On Friday morning, I drove to the Twin Cities to begin our wedding weekend.
My stomach churned with hunger an hour into the drive, so I stopped in Fergus Falls for an early lunch.
I was happy to stop in Fergus Falls even though I felt urgency to reach the cities. Fergus Falls comforts me very much like a warm blanket. The homes are well-kept and form cozy neighborhoods that are surrounded by mature trees. The town was especially beautiful painted with fall colors.
Normally I’d stop at Cafe 116, but wanted to try something new. I wasn’t so much in the mood for cafe food as I was for a blue plate special.
The Viking Cafe is like the antithesis of Cafe 116. More like the old-fashioned neighborhood diner as seen in movies with wooden booths and pie. Hence, the cafe’s name, it was lined with Viking-themed decorations.
I stood at the entrance for a few minutes trying to decipher the seating code. Do I myself or wait to be seated? The man at the cash register finally directed me to choose a seat.
I settled into a booth in the middle of the room and facing the door. A server whizzed by and deposited a small glass of ice water and a menu.
After perusing the menu, I ordered coffee with cream and sugar, and a lunch special of fried fish, toast, tomato slices and potato salad. She took my order and zoomed away as quickly as she had arrived.
The coffee was hot and arrived with my very own saucer of real cream. I was thrilled.
My food arrived soon after.
The fish appeared to be of the pre-frozen plank variety, but it was piping hot, crispy and not greasy in the least.
I liked the potato salad’s tanginess, but I was a little alarmed at it’s temperature which was warmer than I expected. It didn’t taste off, so I ate it and I hoped it’s temperature was due to having been recently made (I felt fine for the remainder of the day).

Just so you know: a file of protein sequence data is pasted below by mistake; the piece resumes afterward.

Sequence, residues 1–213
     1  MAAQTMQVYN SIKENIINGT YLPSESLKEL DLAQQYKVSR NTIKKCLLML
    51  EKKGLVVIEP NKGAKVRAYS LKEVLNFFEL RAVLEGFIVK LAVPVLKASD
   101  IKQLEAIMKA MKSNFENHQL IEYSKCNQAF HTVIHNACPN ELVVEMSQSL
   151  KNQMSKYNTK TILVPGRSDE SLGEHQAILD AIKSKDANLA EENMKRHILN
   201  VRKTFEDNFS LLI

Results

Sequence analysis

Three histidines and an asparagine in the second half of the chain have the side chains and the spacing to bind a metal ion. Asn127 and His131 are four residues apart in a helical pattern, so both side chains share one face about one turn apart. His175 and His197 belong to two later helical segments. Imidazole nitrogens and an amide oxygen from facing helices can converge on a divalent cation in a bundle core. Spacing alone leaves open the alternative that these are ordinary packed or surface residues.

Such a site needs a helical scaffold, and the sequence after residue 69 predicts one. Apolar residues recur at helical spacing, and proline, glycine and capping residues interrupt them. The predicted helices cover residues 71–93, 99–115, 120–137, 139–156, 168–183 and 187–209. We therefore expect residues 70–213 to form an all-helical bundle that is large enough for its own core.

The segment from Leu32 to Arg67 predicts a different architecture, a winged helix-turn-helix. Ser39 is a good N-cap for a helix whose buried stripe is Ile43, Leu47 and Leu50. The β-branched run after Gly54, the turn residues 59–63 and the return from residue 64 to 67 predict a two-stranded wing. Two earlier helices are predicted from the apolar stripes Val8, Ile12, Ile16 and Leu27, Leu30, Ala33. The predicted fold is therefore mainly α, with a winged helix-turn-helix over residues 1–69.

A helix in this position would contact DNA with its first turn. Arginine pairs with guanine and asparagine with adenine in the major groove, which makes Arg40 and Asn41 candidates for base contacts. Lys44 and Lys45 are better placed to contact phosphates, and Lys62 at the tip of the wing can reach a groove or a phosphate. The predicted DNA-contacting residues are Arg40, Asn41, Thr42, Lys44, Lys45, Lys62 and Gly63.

The tomatoes were ripe and the toast tasted like butter-flavored oil.
I can not eat fish without lemon, a personal quirk, and looked around to ask for slices or wedges. The servers raced around, hardly stopping at a table for more than a few seconds. No one stopped by to check in and my attempts to make eye contact failed. I nabbed a server who paused at the table behind me and asked for lemon. She told me they only had lemon juice packets.
I took what I could get.
Several of them appeared sticky with syrup and I didn’t feel like prying them apart. I let those be.
Overall, the meal was warm and adequate. I appreciated that I could get in and out in less than a half hour and my final bill was less than $9, including tax.
I realize the cafe was busy, but I was slightly distracted by the smushed muffin patch by my foot. And when I reached for the salt shaker, my hand immediately recoiled, as it was slick and sticky. I wish restaurants would routinely wipe down their salt and pepper shakers and ketchup bottles. This is the second time in the past month that I have been so repulsed by the surface of a condiment bottle that I wouldn’t touch it again.
All things considered, I would return to The Viking Cafe. A little grimy, possibly semi-homemade, and brusk, the sum of its parts was mostly endearing.